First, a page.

Effect of human activities on forest ecosystems: N cycle and soil fertility

Abstract

Forests are important terrestrial ecosystems, with particular nutrient cycling mechanisms to maintain structure and functions. Nitrogen is essential for forest growth and development, and commonly limited for the forest productivity. N cycles in forest ecosystems are frequently disturbed by intensive human activities. Based on a variety of research results, some potentially important human disturbances are discussed and their effects on forest ecosystems are reviewed. Precipitation is a considerable N input to forest ecosystems. However acid precipitation is detrimental to the ecosystems in the long run. Acidification causes remarkable reduction in forest productivity in the world, due to the harmful effect of acid on plant physiology and more importantly to the reduction in soil fertility by lowering mineralization and increasing N loss by runoff and leaching. The most important nutrient cycling mechanism in forest ecosystems is litterfall. Removal of trunks only for commercial use will not affect N cycle in forest ecosystems significantly, but attention on the intensity and rotation times of harvest should be paid. Clear-cutting should be prevented in forest harvesting. It deserves more attention that the change of environment after clear-cutting will affect the N cycling processes in forest ecosystems, which substantially influence soil fertility and forest productivity. Ammonification and nitrification processes are stimulated after harvesting, by which N is becoming more moveable. Unfortunately in the situation of no assimilation after clear-cutting, much of N will be lost out of the ecosystems and soil fertility will be diminished. The N pool in forest floor and underlying mineral soil is big, but forest productivity is generally low in natural conditions. Forest management is needed to meet the increasing demand for forest products. Optimization of stands structure is the most economic way to increase soil fertility and forest productivity. Mixed coniferous-broad leaved forest is recommended for plantation practice. Addition of fertilizer N effectively promotes forest productivity and may compensate for the N loss from the systems by harvesting.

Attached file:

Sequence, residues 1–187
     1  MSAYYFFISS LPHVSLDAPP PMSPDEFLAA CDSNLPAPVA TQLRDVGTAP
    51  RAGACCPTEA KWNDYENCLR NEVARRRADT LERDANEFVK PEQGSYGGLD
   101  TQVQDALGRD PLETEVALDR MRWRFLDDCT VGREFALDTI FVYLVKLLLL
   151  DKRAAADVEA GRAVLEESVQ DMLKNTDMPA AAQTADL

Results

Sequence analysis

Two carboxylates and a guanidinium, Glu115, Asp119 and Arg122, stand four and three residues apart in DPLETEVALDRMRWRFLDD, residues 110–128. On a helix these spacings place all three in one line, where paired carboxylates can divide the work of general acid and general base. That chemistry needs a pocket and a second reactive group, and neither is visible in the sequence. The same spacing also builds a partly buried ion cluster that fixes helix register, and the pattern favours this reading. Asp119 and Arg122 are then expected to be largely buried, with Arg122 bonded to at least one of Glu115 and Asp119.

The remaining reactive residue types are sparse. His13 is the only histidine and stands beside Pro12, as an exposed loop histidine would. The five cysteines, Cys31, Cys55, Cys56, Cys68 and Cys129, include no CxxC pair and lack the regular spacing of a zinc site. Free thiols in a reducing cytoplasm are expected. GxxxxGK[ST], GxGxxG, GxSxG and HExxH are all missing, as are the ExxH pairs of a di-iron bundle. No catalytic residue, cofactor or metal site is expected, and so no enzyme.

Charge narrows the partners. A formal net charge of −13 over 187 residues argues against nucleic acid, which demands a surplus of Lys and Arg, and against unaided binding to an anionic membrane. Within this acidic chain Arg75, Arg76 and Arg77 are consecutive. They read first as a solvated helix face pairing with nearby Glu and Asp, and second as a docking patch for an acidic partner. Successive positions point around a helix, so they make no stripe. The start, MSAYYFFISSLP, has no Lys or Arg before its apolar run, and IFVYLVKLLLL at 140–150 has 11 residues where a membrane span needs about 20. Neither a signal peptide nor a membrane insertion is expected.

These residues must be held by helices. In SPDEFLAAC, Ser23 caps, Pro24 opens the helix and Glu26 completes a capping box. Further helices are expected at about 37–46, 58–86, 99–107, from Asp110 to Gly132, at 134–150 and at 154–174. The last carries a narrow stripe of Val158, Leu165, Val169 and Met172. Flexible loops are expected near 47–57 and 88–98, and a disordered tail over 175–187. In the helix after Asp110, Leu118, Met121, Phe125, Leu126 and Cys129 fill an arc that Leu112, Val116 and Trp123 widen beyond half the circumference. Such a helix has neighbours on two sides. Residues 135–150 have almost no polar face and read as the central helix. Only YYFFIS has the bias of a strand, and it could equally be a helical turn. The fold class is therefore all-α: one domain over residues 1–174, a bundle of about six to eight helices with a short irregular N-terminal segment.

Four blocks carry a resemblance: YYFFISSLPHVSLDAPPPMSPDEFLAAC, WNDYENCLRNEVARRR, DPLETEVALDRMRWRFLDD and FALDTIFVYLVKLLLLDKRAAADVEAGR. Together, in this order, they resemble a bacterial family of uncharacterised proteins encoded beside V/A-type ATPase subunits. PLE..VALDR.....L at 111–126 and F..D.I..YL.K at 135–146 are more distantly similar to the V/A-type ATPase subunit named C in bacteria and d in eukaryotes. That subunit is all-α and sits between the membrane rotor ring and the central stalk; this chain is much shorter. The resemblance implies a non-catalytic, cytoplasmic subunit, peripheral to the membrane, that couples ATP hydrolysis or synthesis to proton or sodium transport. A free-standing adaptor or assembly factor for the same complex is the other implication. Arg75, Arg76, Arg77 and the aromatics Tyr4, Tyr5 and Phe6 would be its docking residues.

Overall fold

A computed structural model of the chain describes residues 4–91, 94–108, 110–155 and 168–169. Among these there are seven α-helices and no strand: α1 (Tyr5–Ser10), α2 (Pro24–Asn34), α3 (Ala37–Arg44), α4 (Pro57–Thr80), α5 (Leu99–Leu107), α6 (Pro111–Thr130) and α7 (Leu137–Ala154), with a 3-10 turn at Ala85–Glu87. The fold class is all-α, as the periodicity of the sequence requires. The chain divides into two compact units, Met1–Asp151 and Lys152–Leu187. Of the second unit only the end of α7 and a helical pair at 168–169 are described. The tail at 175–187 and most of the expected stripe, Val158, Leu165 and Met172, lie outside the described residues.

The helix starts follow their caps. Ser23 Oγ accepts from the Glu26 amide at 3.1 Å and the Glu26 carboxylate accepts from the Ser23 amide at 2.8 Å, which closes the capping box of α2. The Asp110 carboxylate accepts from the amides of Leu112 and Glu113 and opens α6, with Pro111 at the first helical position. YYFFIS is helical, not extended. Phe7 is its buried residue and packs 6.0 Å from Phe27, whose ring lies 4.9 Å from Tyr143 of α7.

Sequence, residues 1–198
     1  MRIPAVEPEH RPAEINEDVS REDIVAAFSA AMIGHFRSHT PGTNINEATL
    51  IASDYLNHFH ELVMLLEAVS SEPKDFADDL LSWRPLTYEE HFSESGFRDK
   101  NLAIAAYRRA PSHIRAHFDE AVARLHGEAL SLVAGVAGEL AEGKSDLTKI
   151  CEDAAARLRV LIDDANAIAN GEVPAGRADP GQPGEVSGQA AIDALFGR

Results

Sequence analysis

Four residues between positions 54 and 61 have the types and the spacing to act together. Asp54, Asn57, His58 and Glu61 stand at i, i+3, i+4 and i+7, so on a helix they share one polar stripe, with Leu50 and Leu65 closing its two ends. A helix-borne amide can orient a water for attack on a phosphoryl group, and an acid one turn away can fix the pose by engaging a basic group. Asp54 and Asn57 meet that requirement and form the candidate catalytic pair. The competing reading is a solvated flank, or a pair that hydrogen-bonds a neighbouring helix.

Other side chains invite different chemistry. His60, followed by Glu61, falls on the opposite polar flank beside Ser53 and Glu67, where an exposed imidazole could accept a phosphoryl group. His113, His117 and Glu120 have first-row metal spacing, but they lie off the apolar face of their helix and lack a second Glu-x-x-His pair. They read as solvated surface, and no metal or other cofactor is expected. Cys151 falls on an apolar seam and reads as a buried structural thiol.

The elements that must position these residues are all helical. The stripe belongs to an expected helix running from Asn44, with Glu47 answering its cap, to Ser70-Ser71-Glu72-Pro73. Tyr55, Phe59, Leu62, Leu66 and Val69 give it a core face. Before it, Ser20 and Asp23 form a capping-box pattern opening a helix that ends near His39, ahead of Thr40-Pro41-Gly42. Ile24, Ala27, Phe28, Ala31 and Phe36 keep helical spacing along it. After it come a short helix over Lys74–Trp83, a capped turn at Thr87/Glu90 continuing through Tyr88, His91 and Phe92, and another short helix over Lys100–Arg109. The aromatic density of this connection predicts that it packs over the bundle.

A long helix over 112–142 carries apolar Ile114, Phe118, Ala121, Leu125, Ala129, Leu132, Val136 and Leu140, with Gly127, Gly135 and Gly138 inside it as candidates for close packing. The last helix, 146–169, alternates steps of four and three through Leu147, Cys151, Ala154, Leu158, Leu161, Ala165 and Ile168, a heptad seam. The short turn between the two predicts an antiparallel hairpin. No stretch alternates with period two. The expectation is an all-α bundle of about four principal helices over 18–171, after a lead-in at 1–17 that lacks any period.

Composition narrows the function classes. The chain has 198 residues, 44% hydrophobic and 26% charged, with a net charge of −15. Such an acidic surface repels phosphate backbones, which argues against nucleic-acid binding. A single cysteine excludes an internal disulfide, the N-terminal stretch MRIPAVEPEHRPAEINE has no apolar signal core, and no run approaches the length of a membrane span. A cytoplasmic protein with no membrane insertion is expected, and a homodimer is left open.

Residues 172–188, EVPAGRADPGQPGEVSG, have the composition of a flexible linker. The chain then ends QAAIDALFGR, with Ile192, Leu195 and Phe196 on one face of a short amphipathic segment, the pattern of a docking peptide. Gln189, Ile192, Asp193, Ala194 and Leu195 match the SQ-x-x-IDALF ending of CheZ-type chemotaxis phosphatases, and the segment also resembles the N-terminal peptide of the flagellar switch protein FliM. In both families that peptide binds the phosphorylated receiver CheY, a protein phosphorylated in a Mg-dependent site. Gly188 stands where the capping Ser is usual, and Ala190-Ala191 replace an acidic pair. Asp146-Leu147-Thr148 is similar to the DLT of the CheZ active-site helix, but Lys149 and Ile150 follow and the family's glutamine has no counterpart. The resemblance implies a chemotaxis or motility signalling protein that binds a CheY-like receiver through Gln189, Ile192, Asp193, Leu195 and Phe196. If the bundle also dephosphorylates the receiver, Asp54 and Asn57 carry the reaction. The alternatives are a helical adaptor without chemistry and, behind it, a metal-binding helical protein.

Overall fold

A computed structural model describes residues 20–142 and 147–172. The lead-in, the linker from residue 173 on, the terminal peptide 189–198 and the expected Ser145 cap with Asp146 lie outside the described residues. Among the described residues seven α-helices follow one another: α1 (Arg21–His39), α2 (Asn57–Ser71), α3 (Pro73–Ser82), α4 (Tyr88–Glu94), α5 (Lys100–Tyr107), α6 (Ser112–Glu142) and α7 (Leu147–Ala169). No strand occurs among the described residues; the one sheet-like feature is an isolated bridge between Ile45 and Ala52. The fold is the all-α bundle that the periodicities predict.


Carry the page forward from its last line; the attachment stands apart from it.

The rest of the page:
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Correspondence to G.X. Chen.

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Chen, G., Yu, K., Liao, L. et al. Effect of human activities on forest ecosystems: N cycle and soil fertility. Nutrient Cycling in Agroecosystems 57, 47–54 (2000). https://doi.org/10.1023/A:1009880708469

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  • forest ecosystem
  • human activities
  • N cycle
  • soil fertility
  • nitrification